- Two men arrested in connection with murder of journalist killed in Northern Ireland on Thursday.
- Northern Irish police confirmed Saturday that two men, aged 18 and 19, had been arrested under the UK's Terrorism Act.
- Lyra McKee, 29, was killed as she reported on the riots.
Two men have been arrested in connection with the murder of journalist Lyra McKee, who was killed on Thursday night while reporting on riots in the Northern Irish city of Derry.
Northern Irish police said on Twitter Saturday morning that the men, aged 18 and 19, were arrested under the Terrorism Act. It added that they have been taken to Musgrave Serious Crime suite, a police facility in Belfast.
— PSNI DC&S District (@PSNIDCSDistrict) April 20, 2019
Major Investigation Team detectives have arrested two men, aged 18 and 19 under the Terrorism Act, in connection with the murder of Lyra McKee in the Creggan area of Derry on Thursday, 18th April.
They have been taken to Musgrave Serious Crime Suite.
On Thursday night, McKee was shot in the head in the Irish nationalist Creggan area of Derry, while reporting on a riot that had broken out in response to a house search that a large number of officers conducted in the area.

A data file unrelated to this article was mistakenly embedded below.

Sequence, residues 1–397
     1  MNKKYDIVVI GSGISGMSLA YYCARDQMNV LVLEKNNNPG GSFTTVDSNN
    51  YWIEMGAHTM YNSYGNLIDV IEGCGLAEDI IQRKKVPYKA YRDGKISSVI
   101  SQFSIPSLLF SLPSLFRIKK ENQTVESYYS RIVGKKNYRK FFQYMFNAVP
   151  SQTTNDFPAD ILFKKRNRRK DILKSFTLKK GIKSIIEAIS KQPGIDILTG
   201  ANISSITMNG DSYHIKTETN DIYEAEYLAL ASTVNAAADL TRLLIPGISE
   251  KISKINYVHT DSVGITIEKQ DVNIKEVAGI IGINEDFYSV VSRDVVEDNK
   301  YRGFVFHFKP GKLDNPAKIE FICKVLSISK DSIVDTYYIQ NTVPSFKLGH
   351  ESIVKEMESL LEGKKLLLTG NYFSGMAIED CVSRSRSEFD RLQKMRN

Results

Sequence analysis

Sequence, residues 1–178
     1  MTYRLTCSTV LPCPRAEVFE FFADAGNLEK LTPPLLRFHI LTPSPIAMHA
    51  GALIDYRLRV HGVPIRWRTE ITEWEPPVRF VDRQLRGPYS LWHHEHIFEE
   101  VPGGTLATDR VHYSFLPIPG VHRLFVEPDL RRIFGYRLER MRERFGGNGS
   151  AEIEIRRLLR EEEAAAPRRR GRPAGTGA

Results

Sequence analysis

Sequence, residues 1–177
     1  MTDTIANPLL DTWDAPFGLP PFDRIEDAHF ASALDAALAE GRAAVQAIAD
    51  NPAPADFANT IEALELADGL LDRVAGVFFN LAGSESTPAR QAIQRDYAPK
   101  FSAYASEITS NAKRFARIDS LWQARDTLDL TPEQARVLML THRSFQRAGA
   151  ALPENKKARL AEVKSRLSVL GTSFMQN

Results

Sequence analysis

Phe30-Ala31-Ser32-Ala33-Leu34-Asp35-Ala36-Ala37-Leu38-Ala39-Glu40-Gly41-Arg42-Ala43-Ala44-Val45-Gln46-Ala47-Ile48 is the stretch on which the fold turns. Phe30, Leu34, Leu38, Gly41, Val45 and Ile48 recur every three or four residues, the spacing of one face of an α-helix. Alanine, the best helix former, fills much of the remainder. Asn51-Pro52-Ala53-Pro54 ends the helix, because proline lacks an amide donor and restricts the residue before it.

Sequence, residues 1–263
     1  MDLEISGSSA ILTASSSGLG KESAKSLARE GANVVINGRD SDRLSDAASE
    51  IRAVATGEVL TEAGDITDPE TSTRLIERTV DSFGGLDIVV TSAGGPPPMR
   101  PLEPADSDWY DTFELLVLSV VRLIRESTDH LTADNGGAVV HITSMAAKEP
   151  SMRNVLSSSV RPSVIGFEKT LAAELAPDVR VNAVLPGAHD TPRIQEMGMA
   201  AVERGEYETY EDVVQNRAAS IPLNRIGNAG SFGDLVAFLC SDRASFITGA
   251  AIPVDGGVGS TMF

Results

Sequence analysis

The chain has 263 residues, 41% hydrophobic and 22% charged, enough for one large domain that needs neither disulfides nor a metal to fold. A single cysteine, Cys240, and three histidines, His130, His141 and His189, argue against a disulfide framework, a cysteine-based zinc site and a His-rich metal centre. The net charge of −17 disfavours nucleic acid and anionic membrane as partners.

Police said they were trying to prevent militant attacks this weekend. At least 50 petrol bombs were thrown and two cars set on fire.
McKee, who was named Sky News Young Journalist of the Year in 2006, was writing a book on the disappearance of young people during the three decades of sectarian in Northern Ireland that largely ended with the 1998 deal.
She had also written about her struggles growing up gay in the British province.
The death of McKee, described by her publisher Faber as a rising star of investigative journalism, was condemned by both Irish Catholic nationalist and pro-British Protestant unionist politicians.
British Prime Minister Theresa May described the attack as "shocking and truly senseless."
"This was an act of hate," Irish Prime Minister Leo Varadkar said in a statement in front of government buildings in Dublin. "This was an attack not just on one citizen, it was an attack on all of us, our nation and our freedoms."
The New IRA (Irish Republican Army) group, which has been responsible for several attacks in recent years, was most likely behind the killing, Assistant Chief Constable Hamilton said.
Saoradh, a political party with links to dissident militants who still embrace violence to merge Northern Ireland with Ireland, said in a statement it understood McKee was killed accidentally by a "Republican Volunteer."
Leona O'Neill, a local journalist at the scene of the shooting, said that after McKee was hit and fell beside a police Land Rover, officers rushed her to Altnagelvin Hospital, where she died.
Reuters reporting by Amanda Ferguson